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I READ "TO KILL A MOCKINGBIRD" IN 1964. YOU?

 
 
Reply Mon 12 Jul, 2010 11:52 am
I was 13 and in the eighth grade. I read it in the summer before school and finished the book in less than 2 days and then read it again. I knew my dad Wasnt Atticus, he was military and still wsnt ready for "equal rights". I compared Atticus to my dad and came to a conclusion that stuff like tolerance and brotherhood takes several generations .

I recall sitting on my parents back patio reading the book and being asked questions about it (As a second generation AMerican, it was our family tradition to share learning by discussing the strengths and weaknesses of something I just read). It was one year before my own sister died in a car crash with her boyfriend, so I was allowed the priviledge of having her feelings and insight to "Scouts" worldview.

Not since I read "Roy Chapman Andrews " memoirs was I affected by a book like Ms Lees.
 
talk72000
 
  1  
Reply Mon 12 Jul, 2010 11:54 am
@farmerman,
I only the the movie ten years ago, maybe on TV. I missed a lot of movies. I read Gene With the Wind as a teenager.
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djjd62
 
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Reply Mon 12 Jul, 2010 11:56 am
in Canada we read To Mock a Kilogram in 1974
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djjd62
 
  1  
Reply Mon 12 Jul, 2010 11:57 am
@farmerman,
this weeks BBC podcast Americana features a story about To Kill a Mockingbird
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engineer
 
  1  
Reply Mon 12 Jul, 2010 12:14 pm
I read it last weekend. What a phenomenal book. I think Atticus is one of the most balanced presentations of fatherhood I have ever seen. I could clearly see my grandmother is the depictions of the southern ladies.
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edgarblythe
 
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Reply Mon 12 Jul, 2010 12:16 pm
Pre 1965. Not certain exactly beyond that.
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Ragman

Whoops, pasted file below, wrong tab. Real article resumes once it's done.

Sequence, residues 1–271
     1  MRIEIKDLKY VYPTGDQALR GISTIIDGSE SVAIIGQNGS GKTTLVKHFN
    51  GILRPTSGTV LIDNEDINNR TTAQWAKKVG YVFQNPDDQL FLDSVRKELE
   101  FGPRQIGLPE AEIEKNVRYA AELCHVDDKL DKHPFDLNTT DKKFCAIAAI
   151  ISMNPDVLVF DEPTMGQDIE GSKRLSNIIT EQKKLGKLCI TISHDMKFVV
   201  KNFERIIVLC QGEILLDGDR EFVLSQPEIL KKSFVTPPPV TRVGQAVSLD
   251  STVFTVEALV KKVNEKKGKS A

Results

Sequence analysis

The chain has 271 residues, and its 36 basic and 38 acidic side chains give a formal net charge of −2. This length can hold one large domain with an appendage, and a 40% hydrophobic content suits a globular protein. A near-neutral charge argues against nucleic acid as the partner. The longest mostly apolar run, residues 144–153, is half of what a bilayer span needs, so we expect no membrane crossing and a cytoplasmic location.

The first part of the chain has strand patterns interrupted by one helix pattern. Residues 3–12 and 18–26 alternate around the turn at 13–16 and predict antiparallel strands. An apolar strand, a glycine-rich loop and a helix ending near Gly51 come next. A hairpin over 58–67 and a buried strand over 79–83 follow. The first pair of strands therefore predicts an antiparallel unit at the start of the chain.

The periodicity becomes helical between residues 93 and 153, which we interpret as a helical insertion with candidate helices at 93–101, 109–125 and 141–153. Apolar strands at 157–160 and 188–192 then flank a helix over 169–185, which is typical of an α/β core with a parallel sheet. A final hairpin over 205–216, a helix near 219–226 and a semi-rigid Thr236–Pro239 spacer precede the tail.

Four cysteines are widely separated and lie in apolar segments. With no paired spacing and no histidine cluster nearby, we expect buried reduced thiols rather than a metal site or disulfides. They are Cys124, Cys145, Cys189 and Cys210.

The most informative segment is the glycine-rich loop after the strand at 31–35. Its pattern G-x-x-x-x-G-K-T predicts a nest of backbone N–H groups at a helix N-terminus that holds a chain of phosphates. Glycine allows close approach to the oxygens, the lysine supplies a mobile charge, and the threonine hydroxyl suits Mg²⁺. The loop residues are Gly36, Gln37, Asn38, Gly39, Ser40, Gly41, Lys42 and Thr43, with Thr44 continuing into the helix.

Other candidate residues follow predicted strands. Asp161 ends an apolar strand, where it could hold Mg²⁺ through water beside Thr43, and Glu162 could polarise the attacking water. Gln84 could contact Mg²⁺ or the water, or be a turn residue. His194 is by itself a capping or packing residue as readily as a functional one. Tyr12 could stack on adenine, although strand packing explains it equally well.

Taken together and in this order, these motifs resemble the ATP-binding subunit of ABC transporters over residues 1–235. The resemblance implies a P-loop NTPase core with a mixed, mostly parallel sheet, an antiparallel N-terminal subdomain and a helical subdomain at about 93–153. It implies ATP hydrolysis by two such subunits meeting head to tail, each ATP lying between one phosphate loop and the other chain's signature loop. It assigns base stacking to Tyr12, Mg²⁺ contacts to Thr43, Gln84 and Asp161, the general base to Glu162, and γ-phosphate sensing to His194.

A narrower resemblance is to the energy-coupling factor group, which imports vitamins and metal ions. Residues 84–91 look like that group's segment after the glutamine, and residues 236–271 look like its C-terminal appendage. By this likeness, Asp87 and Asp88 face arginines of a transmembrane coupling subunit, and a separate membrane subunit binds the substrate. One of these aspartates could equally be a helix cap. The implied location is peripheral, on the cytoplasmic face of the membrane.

1  
Reply Mon 12 Jul, 2010 12:19 pm
@farmerman,
Do you subscribe to the belief/critical view /rumor that Harper Lee's 'To Kill a Mockingbird' was in part ghost-written by Truman Capote. Personally, I I think this rumor is the result of misconception by some who aren't familiar with their relationship as they were childhood/lifelong friends. Truman inspiration to Lee was biographical in Mockingbird as Lee patterned character Dill after him. Also, later in their lives, she collaborated closely with him in researching his 4-yr-effort while writing of 'In Cold Blood'. Any thoughts on that?
George
 
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Reply Mon 12 Jul, 2010 12:21 pm
I read it in high school and then again when my son Rhys was in high school.
Reading literature was not Rhys's long suit so we read the book together
and discussed it as we went along.
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Shapeless
 
  1  
Reply Mon 12 Jul, 2010 12:35 pm
Interestingly, the Wall Street Journal recently published this brief appraisal of the book, saying in not so many words that it remains one of the most overrated books in English and criticizing adults who "don't know they are reading a children's book."

Quote:
In all great novels there is some quality of moral ambiguity, some potentially controversial element that keeps the book from being easily grasped or explained.

...There is no ambiguity in "To Kill a Mockingbird"; at the end of the book, we know exactly what we knew at the beginning: that Atticus Finch is a good man, that Tom Robinson was an innocent victim of racism, and that lynching is bad.
talk72000